Alessandra and Mario De Benedetti had never been in the restaurant business. She was a law professor and he was in finance - both living in Italy. When a passion burns inside you, however, and a desire to live in NYC is so strong, why not change careers and pursue your dream? This is exactly what the dynamic duo chose to do. Working alongside Elizabeth Roberts, architect extraordinaire, the team created a space built for dramatic floral arrangements and an enchanting atmosphere for dining. Alessandra combined her love of flowers by integrating them into the restaurant's splendid cocktails, specialty dishes and magnificent displays. In 2019, their dream finally became a reality as they opened the doors of Il Florista on West 26th Street.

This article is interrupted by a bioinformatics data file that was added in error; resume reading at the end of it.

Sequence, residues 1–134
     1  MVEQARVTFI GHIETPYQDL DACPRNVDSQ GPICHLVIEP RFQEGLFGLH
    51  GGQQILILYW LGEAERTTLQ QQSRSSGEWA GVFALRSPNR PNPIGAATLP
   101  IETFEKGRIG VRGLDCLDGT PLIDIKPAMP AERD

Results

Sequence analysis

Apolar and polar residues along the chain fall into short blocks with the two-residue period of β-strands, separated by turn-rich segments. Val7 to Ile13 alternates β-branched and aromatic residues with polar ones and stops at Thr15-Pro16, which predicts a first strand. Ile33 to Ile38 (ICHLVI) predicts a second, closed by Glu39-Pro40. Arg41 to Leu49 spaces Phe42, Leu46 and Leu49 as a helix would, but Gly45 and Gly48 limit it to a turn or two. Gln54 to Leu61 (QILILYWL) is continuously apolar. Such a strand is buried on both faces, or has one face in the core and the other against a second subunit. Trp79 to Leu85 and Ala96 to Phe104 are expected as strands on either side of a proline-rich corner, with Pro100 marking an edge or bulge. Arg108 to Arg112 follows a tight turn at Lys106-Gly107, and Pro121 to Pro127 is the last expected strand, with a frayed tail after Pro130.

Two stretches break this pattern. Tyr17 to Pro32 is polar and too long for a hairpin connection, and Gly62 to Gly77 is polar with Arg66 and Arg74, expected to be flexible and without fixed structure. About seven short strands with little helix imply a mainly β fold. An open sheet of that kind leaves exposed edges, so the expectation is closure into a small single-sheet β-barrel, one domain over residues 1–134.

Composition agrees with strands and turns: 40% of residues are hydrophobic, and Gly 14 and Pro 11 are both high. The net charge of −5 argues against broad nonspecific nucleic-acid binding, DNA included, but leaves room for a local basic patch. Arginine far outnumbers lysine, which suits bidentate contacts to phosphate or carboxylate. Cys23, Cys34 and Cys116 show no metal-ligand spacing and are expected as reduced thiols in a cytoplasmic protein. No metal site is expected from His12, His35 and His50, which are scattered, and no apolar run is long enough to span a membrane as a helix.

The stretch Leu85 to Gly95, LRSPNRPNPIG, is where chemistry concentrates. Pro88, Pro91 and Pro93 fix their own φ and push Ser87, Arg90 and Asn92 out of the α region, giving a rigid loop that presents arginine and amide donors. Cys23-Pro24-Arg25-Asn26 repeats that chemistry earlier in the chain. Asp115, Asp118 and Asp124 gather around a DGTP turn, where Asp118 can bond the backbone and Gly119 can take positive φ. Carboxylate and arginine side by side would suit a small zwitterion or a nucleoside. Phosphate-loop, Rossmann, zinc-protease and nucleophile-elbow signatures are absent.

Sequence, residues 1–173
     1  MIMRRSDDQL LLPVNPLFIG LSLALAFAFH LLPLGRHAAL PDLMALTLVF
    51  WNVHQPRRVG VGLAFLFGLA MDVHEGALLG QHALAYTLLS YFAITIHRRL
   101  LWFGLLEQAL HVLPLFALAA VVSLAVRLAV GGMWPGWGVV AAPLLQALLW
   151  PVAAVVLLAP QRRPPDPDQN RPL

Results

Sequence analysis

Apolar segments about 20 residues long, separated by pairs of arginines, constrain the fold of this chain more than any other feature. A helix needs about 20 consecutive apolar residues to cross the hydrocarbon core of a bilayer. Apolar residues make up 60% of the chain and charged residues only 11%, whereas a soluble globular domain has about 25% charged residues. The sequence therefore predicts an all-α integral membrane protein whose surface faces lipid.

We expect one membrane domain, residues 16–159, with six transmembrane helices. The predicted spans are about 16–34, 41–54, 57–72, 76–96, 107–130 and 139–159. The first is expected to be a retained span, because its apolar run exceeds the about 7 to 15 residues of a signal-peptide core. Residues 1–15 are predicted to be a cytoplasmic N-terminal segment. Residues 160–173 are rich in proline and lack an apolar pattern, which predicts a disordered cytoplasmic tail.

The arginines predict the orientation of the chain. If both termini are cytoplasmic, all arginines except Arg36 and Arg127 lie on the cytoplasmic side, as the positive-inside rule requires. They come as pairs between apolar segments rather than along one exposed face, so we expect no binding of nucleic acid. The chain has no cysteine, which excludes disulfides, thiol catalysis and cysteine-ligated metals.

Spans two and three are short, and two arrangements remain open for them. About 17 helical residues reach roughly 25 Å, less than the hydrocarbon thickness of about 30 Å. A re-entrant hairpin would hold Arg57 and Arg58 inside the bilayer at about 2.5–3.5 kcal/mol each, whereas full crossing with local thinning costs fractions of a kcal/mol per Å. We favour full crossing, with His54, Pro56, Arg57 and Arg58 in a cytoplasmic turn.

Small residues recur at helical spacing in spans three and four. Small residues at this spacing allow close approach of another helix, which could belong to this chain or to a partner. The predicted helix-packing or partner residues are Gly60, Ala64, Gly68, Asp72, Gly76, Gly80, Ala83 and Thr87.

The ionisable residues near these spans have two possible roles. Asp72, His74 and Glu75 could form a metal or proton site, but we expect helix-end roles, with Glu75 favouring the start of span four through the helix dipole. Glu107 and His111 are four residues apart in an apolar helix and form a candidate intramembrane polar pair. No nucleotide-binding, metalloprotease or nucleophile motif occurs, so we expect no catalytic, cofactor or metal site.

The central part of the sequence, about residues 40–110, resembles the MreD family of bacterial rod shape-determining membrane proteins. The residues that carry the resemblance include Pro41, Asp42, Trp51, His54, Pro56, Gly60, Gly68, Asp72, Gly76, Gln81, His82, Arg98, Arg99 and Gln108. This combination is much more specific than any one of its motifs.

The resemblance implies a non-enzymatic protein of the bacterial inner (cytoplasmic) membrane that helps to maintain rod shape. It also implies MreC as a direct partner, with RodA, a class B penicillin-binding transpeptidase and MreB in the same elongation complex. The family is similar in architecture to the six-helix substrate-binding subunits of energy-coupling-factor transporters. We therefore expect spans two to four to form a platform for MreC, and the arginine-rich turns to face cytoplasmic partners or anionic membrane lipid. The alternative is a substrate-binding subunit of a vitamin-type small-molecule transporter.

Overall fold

I can attest to the immediate success of Carmine's on the Upper West Side of Manhattan in the early nineties as my family and friends stood on the lines to get in on a number of occasions. Owner Artie Cutler's concept of serving large, family-style portions to guests, in a warm, friendly atmosphere connected with diners immediately. It did not take Mr. Cutler long to realize that he had a success on his hands and that it was time for expansion. In 1992, the theater district had another hit in Times Square, in the form of a grand, traditional Italian restaurant.
In keeping with the original nautical theme from the 1960′s, each room in the hotel has a porthole window and is decorated with teak wood. In 2014, the hotel’s restaurant La Bottega closed to make room for La Sirena by Mario Batali. The Cabanas, open in the spring and summer, is on the rooftop and offers a welcome reprieve from the city streets when the weather permits.